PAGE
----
RPSI No.186Exactly two weeks ago today (on the 21st of April 2013) the Railway Preservation Society of Ireland (RPSI) ran two steam specials from Dublin to Maynooth and back which they named Royal Canal Shuttles. The name was inspired by the fact that the section of the Sligo line between Dublin and Maynooth runs along the banks of the Royal Canal for almost its entire length.

The trains consisted of the RPSI Cravens coaches, and were worked by the RPSI’s 0-6-0 steam loco No.186. The trains were a little more special because No.186’s boiler certificate will expire later this year, so this could well have been the last time she’ll be on this line for a decade or more. Once her certificate expires she’ll have to be fully overhauled, and given that the RPSI is a volunteer group, that will take quite some time. No.186 has proven herself to be a remarkably reliable engine over the last few years, and I’ll certainly miss seeing her around.

The weather forecast for the day was awful, but thankfully it turned out to be a little too pessimistic.

The first train of the day departed Dublin at 10:50am, and was scheduled to do the journey out to Maynooth in about 45 minutes. I decided to meet the train at my new favourite location, Donaghmore Cemetery, located a little east of Maynooth near Pike Bridge and milepost 13¼. The track runs on a slight embankment here, so you get a nice view of the trains with the old walled cemetery framing the left side of the shot.

My plan was to shoot video and stills in the field next to the cemetery, and to set up my little GoPro camera next to the line on a little tripod. Things didn’t quite go to plan when I foolishly started to tinker with the settings on the GoPro (over a wireless connection) a little too close to the train’s due time. The train was 5 minutes early, and I missed the shot. I did still get usable video and stills from the field, but no closeup of the train. I was also unlucky with the light, the forecast had been for wind and rain, but instead it was windy and partially overcast – the sun had been out until about 30 seconds before the train arrived, and this would be the pattern for the rest of the day.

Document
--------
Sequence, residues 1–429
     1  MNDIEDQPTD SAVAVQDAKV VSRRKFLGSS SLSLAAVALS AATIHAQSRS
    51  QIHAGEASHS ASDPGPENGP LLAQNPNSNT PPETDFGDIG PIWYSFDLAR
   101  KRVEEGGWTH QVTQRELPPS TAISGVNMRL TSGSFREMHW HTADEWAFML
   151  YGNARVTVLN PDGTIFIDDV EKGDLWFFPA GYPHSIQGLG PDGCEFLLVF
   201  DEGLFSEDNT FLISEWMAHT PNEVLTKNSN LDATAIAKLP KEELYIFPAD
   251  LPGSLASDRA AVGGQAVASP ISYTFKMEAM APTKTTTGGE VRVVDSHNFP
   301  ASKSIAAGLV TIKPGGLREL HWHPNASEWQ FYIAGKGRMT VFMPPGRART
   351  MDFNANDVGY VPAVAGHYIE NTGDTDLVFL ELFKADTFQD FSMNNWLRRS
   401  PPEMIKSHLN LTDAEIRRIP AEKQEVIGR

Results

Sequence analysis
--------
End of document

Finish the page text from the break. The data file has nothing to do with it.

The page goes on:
RPSI Royal Canal Shuttle at Donaghmore Cemetery
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I wasn’t sure how long the train would stay in Maynooth before starting back towards Dublin so I didn’t want to move too far to capture the return leg. I decided to set up on Matt Goff bridge on outskirts of Leixlip village which gives a nice view of the line as it snakes down hill through the s-bends between Blakestown level crossing and the bridge.

Because there is no longer a turntable in Maynooth, No.186 would be running ‘backwards’ (tender-first) on the return leg. This makes her less photogenic, but still worth shooting IMO.

My plan was to set up my main video camera with a zoom lens to capture the train rounding the curves in the distance, and to use the GoPro to capture the wider field of view. I shot some test footage and it looked great, but, as had happened earlier, the sun went away just as the train approached, and this time the wind picked up too – adding a lot of camera shake to the video.

RPSI Royal Canal Shuttle at Matt Goff Bridge
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The afternoon train departed Dublin at 2:15pm, and I had planned to meet it at Louisa Bridge in Leixlip, but, at the time I would have had to leave for Louisa Bridge it was raining heavily. By the time the rain stopped I only had enough time to get as far as Donaghmore comfortably. Having been disappointed to miss the closeup shot in the morning, I decided to have a second try at it, and to experiment with a different point of view for shooting my main shots as well. Once again, the sun went away about 30 seconds before the train arrived, but, I did get my closeup shot this time!

No.186 with RPSI Royal Canal Shuttle
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For the final shot of the day I’d planned to move to the 13th lock near Blakestown level crossing, but once again the rain interfered with my plans. I could see a very heavy shower on the horizon, so I decided to shelter under Pike Bridge, and to try to capture the train from there, using the bridge as a nice frame for the shots. I set up my D5100 on my tripod to shoot video, turned around to set up the GoPro for a reverse view, and heard a bone-chilling clatter. The bridge had acted like a funnel, amplifying the strong gusts of wind, and blown my tripod over. The D5100 didn’t survive it’s fall. After uttering some choice expletives, I set the GoPro up on my main tripod, and captured some usable footage anyway.

RPSI Royal Canal Shuttle at Pike Bridge
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I always try to choose the location for my final shot of any steam special shoot such that it allows me to get a shot of the train heading off into the distance. The nice thing about bridges is that they have two sides, so as soon as I captured the train approaching the bridge I turned around ready to get the final ‘off into the distance’ shot. Conveniently a dog stopped just in front of me to watch the train, so despite the poor light, I really like my final shot of the day.

The Royal Canal Shuttle heads off into the distance
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I collected all my shots from the day into a set on Flickr:

RPSI Royal Canal Shuttle Flickr Set

And I uploaded my video to YouTube: